The Arbitrator Intelligence Questionnaire (AIQ) is a feedback questionnaire that will be used by Arbitrator Intelligence (AI) to collect information on case management and decision making practices of international arbitrators. After pilot testing and extensively vetting the AIQ, we are now asking for public comments to help us further refine it.
A demonstration version of the draft AIQ is now available for review on our website. There, you will also find an interactive annotation tool that will allow you to register your comments directly onto the text of the AIQ. Come give us your input!
Why Is the AIQ Needed?
The AIQ is a potential solution to some of international arbitration’s most salient challenges. For example, a recent survey by Berwin Leighton Paisner investigating the lack of diversity in international arbitration found that a staggering 92% of respondents wanted more information about new and less well-known arbitrators, and a whopping 81% of respondents wanted to give feedback about arbitrators at the end of cases.
Respondents to the 2015 Queen Mary Survey on Improvements and Innovations in International Arbitration identified the third worst characteristic of international arbitration as the “lack of insight into arbitrators’ efficiency.” Meanwhile, most responses to the Survey about how institutions could improve international arbitration involved providing more information about arbitrators, how they are appointed, and their decision making.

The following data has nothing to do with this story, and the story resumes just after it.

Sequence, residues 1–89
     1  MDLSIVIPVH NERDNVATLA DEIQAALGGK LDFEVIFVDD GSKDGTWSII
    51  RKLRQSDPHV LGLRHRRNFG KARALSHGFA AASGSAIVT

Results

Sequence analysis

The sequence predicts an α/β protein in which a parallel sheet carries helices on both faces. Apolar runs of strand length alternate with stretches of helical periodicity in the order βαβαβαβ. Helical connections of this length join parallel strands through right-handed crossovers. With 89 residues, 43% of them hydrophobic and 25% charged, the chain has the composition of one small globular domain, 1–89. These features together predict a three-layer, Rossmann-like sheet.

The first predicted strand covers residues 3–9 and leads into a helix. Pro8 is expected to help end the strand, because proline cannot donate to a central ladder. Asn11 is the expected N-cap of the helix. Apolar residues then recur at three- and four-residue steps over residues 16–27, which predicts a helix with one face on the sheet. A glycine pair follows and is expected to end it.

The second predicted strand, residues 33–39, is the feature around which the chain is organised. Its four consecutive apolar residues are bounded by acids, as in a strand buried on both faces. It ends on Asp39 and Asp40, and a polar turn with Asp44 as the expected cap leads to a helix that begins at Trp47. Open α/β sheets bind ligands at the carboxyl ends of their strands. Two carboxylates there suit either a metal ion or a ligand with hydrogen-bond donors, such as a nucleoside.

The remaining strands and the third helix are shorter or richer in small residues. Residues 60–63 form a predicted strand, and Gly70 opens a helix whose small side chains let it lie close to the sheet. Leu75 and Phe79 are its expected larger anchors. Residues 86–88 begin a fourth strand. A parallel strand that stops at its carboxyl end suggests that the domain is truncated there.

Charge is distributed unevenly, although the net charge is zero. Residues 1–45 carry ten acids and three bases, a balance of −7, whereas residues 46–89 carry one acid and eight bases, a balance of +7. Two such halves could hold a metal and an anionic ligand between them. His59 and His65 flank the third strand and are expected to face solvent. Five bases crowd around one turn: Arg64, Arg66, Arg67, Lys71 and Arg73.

Finally, and most recently, three out of the 10 Hot Topics in International Arbitration for 2017 identified in a Kluwer blog post – transparency, the arbitrator selection process, and diversity – go to the heart of AI’s mission.
The AIQ is our means to accomplish these aspects of our mission. The idea behind the AIQ is relatively simple: to replicate through systematically gathered feedback the kinds of information that are currently obtainable only through ad hoc, person-to-person phone calls during the arbitrator selection process. More, and more accurate, information about how arbitrators decide cases will empower parties, counsel, and institutions to make better informed choices in selecting arbitrators. It will also reduce information asymmetries that undermine the fairness of arbitrator appointments and facilitate greater diversity by allowing newer arbitrators meaningful opportunities to establish reputations based on their actual performance.
Challenges in Creating the AIQ
To effectively replicate the essential characteristics of telephone research, we faced tremendous challenges in developing both the content of the AIQ and a strategy for implementing it. For starters, when you conduct telephone research about arbitrators, you can ask case-specific questions and follow up questions to fill in details. By contrast, the AIQ must cover all the topics that may be relevant in any particular case and anticipate potentially relevant follow up questions.